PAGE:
Thursday + Gregory Huffstutter = The Ad Man Answers
Thursday + Gregory Huffstutter = The Ad Man Answers
Continuing our interview series with Ex-Advertising-Folks, we bring you Part 2 of a conversation with Marshall Karp, author of “Rabbit Factory,” “Blood Thirsty,” and the recently-released “Flipping Out” (Minotaur).
For Part One, click here. And remember, if you’d like to win a signed copy of Marshall’s latest Lomax & Biggs mystery, be sure to leave a comment in response to our question at the bottom of this weeks’ column.
Marshall, for someone steeped in traditional advertising, how does it feel to be hip-deep in modern social networking, like Facebook and Twitter?
Dumb. Not just foolishly ridiculous I-am-so-out-of-my-element dumb, but downright stupid I-don’t-know-what-the-hell-I’m-doing-maybe-I’m-too-old-for-this dumb. In my first few days on Facebook I couldn’t figure out the privacy settings, and some of my private posts went public. Dear Doc, the rash is spreading and the burning hurts something fierce. Okay, maybe not that, but still…
As for Twitter, I can’t imagine how traditional advertising would have any value when all the people you’re trying to reach are furiously typing about Jon & Kate Plus 8.
Facebook and Twitter are not advertising media. Nevertheless, I’m on them, along with half a billion other
lemmings hip people. I can’t imagine they help me sell many books. Even if they did, considering how much time I waste, it would probably be more cost effective for me hang around Barnes and Noble and accost people as they browse through the mystery section. Yo… wanna buy a good book?
And now, here’s my dirty little secret. Even though social networking is actually just social not working, I am totally hooked on it. It connects me with readers in ways that I never could do with all that traditional advertising I got steeped in. I don’t know if it works, I don’t care if it works, I don’t know if I’m any good at it, I don’t care if I’m any good at it — it’s a lot more fun that shooting a commercial for yeast infection suppositories.
If you hit the publishing lottery and were given a $100K marketing budget for your next release, how would you spend it? Print? TV? Outdoor? Online? Bribing Janet Maslin?
I never thought about outdoor, but it sounds really tempting. I don’t know if it would be effective, but it sure would be fun zipping past all those billboards as I tooled along Route 66 from Chicago to LA.
Here’s the scary truth. I don’t think anyone in publishing can tell you the most effective way to market a book. From the little I know I think I’d want to spend my hundred grand with the trade getting palettes of my books into the big box stores and front-of-store displays at B&N.
What one piece of advice would you give to new writers embarking on their first book marketing campaign?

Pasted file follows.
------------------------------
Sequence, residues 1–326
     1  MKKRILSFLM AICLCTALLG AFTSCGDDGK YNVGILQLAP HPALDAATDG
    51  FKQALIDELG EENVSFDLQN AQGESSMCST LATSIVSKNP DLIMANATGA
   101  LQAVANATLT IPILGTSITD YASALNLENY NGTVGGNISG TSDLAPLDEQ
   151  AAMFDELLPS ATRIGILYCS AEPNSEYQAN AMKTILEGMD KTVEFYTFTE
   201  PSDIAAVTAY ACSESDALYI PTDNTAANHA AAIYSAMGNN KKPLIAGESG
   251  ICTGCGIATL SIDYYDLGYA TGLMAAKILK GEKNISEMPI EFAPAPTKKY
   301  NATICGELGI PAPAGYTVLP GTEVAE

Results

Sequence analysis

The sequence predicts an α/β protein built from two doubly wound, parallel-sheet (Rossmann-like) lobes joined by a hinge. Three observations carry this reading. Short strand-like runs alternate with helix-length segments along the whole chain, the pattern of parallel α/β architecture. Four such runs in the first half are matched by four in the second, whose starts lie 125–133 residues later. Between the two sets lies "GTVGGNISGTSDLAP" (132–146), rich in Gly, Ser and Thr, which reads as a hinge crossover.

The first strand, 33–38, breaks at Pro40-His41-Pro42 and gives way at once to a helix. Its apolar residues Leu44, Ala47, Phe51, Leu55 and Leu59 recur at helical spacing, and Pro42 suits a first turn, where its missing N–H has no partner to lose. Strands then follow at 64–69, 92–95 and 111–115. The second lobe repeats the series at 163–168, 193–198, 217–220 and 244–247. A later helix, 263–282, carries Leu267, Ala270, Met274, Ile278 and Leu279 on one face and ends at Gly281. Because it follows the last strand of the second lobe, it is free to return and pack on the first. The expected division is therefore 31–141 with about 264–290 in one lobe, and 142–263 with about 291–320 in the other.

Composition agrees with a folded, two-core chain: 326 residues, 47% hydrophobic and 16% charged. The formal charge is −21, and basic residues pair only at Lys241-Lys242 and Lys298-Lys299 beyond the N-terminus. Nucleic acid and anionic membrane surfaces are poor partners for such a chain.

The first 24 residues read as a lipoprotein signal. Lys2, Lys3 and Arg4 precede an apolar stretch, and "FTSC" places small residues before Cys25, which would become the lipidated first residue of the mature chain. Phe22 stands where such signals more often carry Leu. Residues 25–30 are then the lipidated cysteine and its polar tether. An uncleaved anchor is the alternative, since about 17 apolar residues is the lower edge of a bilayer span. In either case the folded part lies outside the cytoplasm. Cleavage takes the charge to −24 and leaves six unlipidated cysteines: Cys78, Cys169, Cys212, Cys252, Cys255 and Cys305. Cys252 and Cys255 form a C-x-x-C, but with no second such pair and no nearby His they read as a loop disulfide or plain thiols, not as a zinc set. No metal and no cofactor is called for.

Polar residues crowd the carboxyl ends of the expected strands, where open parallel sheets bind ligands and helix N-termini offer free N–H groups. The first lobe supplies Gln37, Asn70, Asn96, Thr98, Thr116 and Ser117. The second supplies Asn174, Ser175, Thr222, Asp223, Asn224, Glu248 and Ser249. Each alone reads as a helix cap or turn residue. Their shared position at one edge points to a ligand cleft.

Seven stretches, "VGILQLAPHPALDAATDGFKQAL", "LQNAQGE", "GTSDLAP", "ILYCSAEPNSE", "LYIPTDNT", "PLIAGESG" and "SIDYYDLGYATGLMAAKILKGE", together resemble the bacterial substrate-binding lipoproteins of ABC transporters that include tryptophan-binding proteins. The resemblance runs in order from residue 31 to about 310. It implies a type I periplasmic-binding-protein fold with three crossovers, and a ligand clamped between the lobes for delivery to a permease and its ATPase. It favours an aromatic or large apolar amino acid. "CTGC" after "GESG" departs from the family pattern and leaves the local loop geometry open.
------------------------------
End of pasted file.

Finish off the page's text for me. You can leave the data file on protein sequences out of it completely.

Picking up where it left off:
You’re not going to like this, boys and girls, but here it is: The single most important person marketing your book is you. In fact, there will be plenty of times when you’ll feel like the ONLY person marketing your book is you. That doesn’t mean your publisher doesn’t love you. It just means that your publisher is busy with all the other kids who write books. It’s kind of like OctoMom. She just doesn’t have enough tits to go around.
You can count on a good publisher to sell your books into the stores, and send out ARCs to reviewers and set up some in-store events, but don’t expect them to come up with the ways or the means to reach your readers. That’s up to you.
You asked for one piece of advice. So I didn’t say get a website, sign up for Facebook, or plan a thirty day blog tour. How you make the magic happen is your call. Just make sure you remember that you’re the magician.
Any common mistakes you see with new or established author's websites/advertising efforts?
I used to be an agency Creative Director, so I’d much rather dissect every author’s site on an individual basis. But putting them all in a lump, the most common mistake I see is that an author puts up a site and walks away from it, thinking it’s all done till the next book come out. The best sites are dynamic and change on a regular basis. That means reaching out to your readers. Often. And not just with your latest appearance schedule, but with something that interests them and keep them interested in you. Blogging works. And blogs are a great way to give readers a taste of how you write before your editor fixes it.
You worked at J. Walter Thompson with James Patterson... so, how does he take his coffee?
I was just a lowly copywriter for Mr. Patterson. You had to be a Senior Vice-President before you could get him his coffee.
No, seriously, Patterson helped encourage you to write 'Rabbit Factory'... did you send him 10% of your advance, or did you figure he was doing OK on his own?
I thanked Jim profusely in the acknowledgements of the book, and of course I’m standing by if he ever needs a kidney.
Thanks for the time, Marshall… and be sure to let us know if Mr. Patterson ever needs a liver. Mine is only halfway abused.
Now, who wants to win a free, signed copy of “Flipping Out”?
All you have to do is tell us the name of your favorite wisecracking literary character. A winner will be chosen randomly from everyone who leaves a comment during our 2-part interview with Marshall.
Gregory Huffstutter has been punching Ad Agency timecards for the past dozen years, working on accounts like McDonald's, KIA Motors, Suzuki Automotive, and the San Diego Padres. His first mystery, KATZ CRADLE is on submission while he's working on the sequel. The first 100 pages of his novel are linked here. For general advertising questions, leave a comment or send e-mail to katz @ gregoryhuffstutter dot com with 'Ask The Ad Man' in the subject line.